Analysts at two financial firms released reports this week suggesting that Bank of America (NYSE:BAC) and Citigroup (NYSE:C) may be better off if they each split into multiple companies. This seems like a crazy idea, but there's reason to believe that it's exactly what will eventually happen.
On Monday, KBW's Brian Kleinhanzl and Michael Brown made the case with respect to Citigroup:
We view the underlying businesses of Citigroup as valuable; however, we believe the value is not reflected in the company's share price. So the real question to us is, how can Citi unlock the value? In our minds, unlocking the value would require Citigroup to break up so that investors may: 1) value the individual companies appropriately; and 2) eventually have excess capital returned. We believe Citi will not break up in the next year or so, but we do see a break-up of Citi as a potential outcome given [that] returns may not increase above the company's cost of capital for the foreseeable future...
Kleinhanzl and Brown believe that Citigroup's value could increase by as much as 60% if it divests its international consumer business, as well as its Mexico-based subsidiary Banamex's consumer and small/medium enterprise businesses. This would leave Citigroup with its domestic consumer business and its institutional client group.
One day later, RBC's Gerard Cassidy made a similar case with respect to Citigroup and Bank of America:
In a prolonged lower interest rate environment, Bank of America and Citigroup would find it very difficult to have their [return on average common equities] exceed their cost of capital. As a result, investors may demand that these banks choose a radical plan to lower their GSIB equity buffers by breaking into smaller entities.
What Cassidy is referring to with respect to the "GSIB equity buffer" is the fact that larger and more-complex banks are now required to hold more capital than their smaller, simpler counterparts. Citigroup must hold 3.5 percentage points in additional capital relative to regional banks that aren't classified by regulators as global systematically important banks. Bank of America, meanwhile, must hold three percentage points more than the typical bank. Because banks depend on leverage to generate returns that are on par with nonfinancial firms, this necessarily puts Bank of America and Citigroup at a disadvantage compared to their counterparts, as well as to nonbank investment alternatives.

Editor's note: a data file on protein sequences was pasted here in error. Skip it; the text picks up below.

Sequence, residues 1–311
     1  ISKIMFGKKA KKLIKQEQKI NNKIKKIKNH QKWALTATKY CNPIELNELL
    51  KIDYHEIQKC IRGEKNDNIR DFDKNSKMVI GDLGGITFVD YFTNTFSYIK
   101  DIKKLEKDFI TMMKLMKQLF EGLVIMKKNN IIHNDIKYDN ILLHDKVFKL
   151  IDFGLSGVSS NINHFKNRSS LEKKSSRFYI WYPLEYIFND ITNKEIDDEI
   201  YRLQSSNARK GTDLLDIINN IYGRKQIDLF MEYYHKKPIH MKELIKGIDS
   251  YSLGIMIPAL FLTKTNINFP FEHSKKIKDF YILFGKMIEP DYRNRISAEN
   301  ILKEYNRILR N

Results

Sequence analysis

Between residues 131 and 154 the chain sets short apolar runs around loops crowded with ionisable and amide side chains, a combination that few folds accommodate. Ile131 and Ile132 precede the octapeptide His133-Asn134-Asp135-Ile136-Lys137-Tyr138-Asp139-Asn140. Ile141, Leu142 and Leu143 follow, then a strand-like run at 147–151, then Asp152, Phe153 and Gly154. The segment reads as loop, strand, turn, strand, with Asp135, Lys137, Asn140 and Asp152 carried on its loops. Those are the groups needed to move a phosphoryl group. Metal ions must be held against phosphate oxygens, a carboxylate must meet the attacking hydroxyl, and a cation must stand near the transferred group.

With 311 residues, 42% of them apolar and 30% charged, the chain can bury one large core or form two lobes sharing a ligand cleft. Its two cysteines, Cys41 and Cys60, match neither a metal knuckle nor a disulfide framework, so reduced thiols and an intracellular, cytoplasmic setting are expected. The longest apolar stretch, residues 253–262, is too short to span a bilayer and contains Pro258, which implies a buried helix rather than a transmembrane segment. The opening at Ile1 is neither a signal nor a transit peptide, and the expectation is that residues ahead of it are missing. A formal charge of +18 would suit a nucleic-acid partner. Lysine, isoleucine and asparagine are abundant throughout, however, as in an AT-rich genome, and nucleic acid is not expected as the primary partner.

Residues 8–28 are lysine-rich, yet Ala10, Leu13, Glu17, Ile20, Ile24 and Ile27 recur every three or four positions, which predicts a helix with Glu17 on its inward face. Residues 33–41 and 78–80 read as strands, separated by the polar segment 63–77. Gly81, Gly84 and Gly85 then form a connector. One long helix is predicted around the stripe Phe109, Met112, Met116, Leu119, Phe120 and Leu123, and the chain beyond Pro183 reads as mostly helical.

This is a point I've made in the past with respect to Bank of America. Because of the heightened capital and liquidity requirements associated with being a too-big-to-fail universal bank, it can't produce the same type of returns that a traditional lender like Wells Fargo can. At the same time, because Bank of America trails JPMorgan Chase and Goldman Sachs in the investment-banking league tables, it isn't able to offset its disadvantage with a sufficient amount of high-margin investment-banking business.
To be clear, I still think that Bank of America's stock presents a compelling value at today's price. (I don't think the same about Citigroup, which I don't believe any retail investor has any business ever owning.) This is particularly true if Bank of America were to eventually split up, as the value that may be unlocked could translate into a handsome return for patient shareholders who are willing to assume the risk of owning shares of a presently underperforming bank.
John Maxfield owns shares of Bank of America, Goldman Sachs, and Wells Fargo. The Motley Fool owns shares of and recommends Wells Fargo. The Motley Fool has the following options: short May 2016 $52 puts on Wells Fargo. The Motley Fool recommends Bank of America. Try any of our Foolish newsletter services free for 30 days. We Fools may not all hold the same opinions, but we all believe that considering a diverse range of insights makes us better investors. The Motley Fool has a disclosure policy.